Here’s the PowerPoint presentation:

 8:32 p.m.

Design Review Board Membership

After a public hearing, the council unanimously approved changes to membership qualifications for the Design Review Board, which is responsible for considering requests largely related to subjective matters such as alternative buffer standards and site plan design in the Wolf Pen Creek zoning district. The changes address concerns about the challenges of making appointments to the board.

The city’s Unified Development Ordinance defines membership criteria of appointees so that expertise is balanced between those with business acuity, personal experience in a design district, and general public opinion.

8:34 p.m.

Drainage Easement Abandonment

After a public hearing, the council voted unanimously to abandon a small public drainage easement at Holleman Drive South and Market Street to accommodate the recent development of The Junction, a multi-family project.  The property owner will maintain the existing drainage area and infrastructure.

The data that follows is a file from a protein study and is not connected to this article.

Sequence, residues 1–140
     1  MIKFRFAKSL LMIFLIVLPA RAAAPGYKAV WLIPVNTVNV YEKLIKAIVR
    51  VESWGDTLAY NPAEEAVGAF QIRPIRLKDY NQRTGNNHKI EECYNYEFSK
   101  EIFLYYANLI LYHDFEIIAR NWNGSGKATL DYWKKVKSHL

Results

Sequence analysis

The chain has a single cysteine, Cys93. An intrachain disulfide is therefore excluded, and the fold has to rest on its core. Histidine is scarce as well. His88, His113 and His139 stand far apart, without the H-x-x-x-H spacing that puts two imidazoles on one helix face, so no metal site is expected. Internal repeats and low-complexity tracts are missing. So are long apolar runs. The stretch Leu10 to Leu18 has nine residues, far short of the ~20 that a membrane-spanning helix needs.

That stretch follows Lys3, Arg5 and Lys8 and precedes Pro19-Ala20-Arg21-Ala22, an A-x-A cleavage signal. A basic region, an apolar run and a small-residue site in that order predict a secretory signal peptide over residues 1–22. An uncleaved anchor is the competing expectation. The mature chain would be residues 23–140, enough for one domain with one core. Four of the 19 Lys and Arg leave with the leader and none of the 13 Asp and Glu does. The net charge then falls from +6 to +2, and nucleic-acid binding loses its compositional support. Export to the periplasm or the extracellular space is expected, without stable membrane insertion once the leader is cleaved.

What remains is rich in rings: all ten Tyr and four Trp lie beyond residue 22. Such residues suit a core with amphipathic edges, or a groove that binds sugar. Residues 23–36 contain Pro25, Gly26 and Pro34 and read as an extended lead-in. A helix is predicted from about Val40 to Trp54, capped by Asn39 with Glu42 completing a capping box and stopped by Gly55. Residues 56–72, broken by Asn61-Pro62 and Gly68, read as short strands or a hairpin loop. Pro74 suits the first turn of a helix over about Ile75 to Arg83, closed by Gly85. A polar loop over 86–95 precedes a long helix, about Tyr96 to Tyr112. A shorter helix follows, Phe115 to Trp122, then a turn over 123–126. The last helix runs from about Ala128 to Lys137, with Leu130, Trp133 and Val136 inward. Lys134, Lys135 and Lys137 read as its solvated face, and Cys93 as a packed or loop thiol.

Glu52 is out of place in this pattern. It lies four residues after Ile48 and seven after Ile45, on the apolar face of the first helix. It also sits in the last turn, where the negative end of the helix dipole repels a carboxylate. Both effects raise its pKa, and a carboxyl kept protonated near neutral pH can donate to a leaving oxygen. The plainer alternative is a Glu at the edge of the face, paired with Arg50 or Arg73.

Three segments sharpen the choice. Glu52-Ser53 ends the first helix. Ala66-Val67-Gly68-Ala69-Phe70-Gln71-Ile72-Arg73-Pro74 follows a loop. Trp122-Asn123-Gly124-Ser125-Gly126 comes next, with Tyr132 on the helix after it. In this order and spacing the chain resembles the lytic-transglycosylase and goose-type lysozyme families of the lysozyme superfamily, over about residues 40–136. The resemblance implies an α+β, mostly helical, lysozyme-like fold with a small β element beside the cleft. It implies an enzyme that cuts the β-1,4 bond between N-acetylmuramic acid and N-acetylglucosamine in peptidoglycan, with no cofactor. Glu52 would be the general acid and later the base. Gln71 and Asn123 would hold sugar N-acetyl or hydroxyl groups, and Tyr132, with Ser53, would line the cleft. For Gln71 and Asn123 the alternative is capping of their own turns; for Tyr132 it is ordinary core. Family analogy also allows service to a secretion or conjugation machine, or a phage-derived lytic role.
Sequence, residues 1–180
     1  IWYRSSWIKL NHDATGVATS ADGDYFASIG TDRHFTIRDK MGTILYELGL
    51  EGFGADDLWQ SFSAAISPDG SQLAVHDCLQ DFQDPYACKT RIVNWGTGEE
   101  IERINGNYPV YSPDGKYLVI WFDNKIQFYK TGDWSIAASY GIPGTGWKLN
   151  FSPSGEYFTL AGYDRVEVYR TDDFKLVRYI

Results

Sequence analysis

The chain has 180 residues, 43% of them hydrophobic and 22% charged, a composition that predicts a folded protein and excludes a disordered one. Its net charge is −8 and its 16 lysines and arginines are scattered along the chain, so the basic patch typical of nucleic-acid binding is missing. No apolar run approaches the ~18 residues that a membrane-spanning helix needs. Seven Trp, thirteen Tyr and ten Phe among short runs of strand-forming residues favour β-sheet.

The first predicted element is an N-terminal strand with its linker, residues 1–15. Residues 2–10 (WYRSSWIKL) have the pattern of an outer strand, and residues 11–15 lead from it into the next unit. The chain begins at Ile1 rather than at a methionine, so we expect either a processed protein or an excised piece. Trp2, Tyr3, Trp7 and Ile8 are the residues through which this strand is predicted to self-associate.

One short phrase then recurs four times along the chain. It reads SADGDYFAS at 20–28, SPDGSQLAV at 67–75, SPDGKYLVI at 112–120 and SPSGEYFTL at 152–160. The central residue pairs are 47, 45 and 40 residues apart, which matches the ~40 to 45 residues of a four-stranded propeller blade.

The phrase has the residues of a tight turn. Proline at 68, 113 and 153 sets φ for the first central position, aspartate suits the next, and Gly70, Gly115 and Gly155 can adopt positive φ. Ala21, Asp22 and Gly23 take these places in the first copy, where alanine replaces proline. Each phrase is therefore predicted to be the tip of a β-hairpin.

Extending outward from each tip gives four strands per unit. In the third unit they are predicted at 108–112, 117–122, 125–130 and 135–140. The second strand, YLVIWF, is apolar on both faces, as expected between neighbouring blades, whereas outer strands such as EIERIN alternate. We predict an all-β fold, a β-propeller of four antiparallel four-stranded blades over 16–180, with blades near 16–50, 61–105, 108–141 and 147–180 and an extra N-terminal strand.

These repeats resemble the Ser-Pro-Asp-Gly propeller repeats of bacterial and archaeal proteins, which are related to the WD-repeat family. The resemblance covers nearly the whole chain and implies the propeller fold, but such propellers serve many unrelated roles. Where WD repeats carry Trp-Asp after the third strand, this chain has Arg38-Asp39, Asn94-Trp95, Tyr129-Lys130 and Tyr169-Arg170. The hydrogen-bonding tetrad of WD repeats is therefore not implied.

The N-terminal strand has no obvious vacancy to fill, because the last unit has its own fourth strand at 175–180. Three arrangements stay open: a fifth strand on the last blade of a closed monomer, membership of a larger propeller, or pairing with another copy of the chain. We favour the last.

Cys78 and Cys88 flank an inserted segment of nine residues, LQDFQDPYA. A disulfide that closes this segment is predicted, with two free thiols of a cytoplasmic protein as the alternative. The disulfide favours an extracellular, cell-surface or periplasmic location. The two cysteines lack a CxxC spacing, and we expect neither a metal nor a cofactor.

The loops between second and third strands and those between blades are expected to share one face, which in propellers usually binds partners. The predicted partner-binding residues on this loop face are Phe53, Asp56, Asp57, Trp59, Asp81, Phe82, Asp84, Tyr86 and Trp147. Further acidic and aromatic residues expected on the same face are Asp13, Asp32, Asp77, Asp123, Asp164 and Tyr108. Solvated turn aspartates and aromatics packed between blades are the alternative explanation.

Here’s the PowerPoint presentation:

8:42 p.m.

Utility Corridor in Lick Creek Park

After a public hearing, the council voted unanimously to establish a public utility corridor across Lick Creek Park needed for the development of Brazos County Municipal Utility District  No. 1, also known as Southern Pointe. Since the park lies directly between Southern Pointe and the Lick Creek Wastewater Treatment Plant, the route is the only feasible option.

Here’s the PowerPoint presentation:

8:42 p.m.

The council is taking a short break.

8:51 p.m.

The meeting has resumed.

9:51 p.m.

Rezoning on Earl Rudder Freeway South

After a public hearing, the council voted 5-2 to deny a request to change the zoning from Suburban Commercial to Planned Development District for about seven acres north of Raintree Drive along Earl Rudder Freeway South. Mayor Berry and Councilwoman Schultz voted for the motion.

Here’s the PowerPoint presentation:

10:06 p.m.

Roadway Impact Fees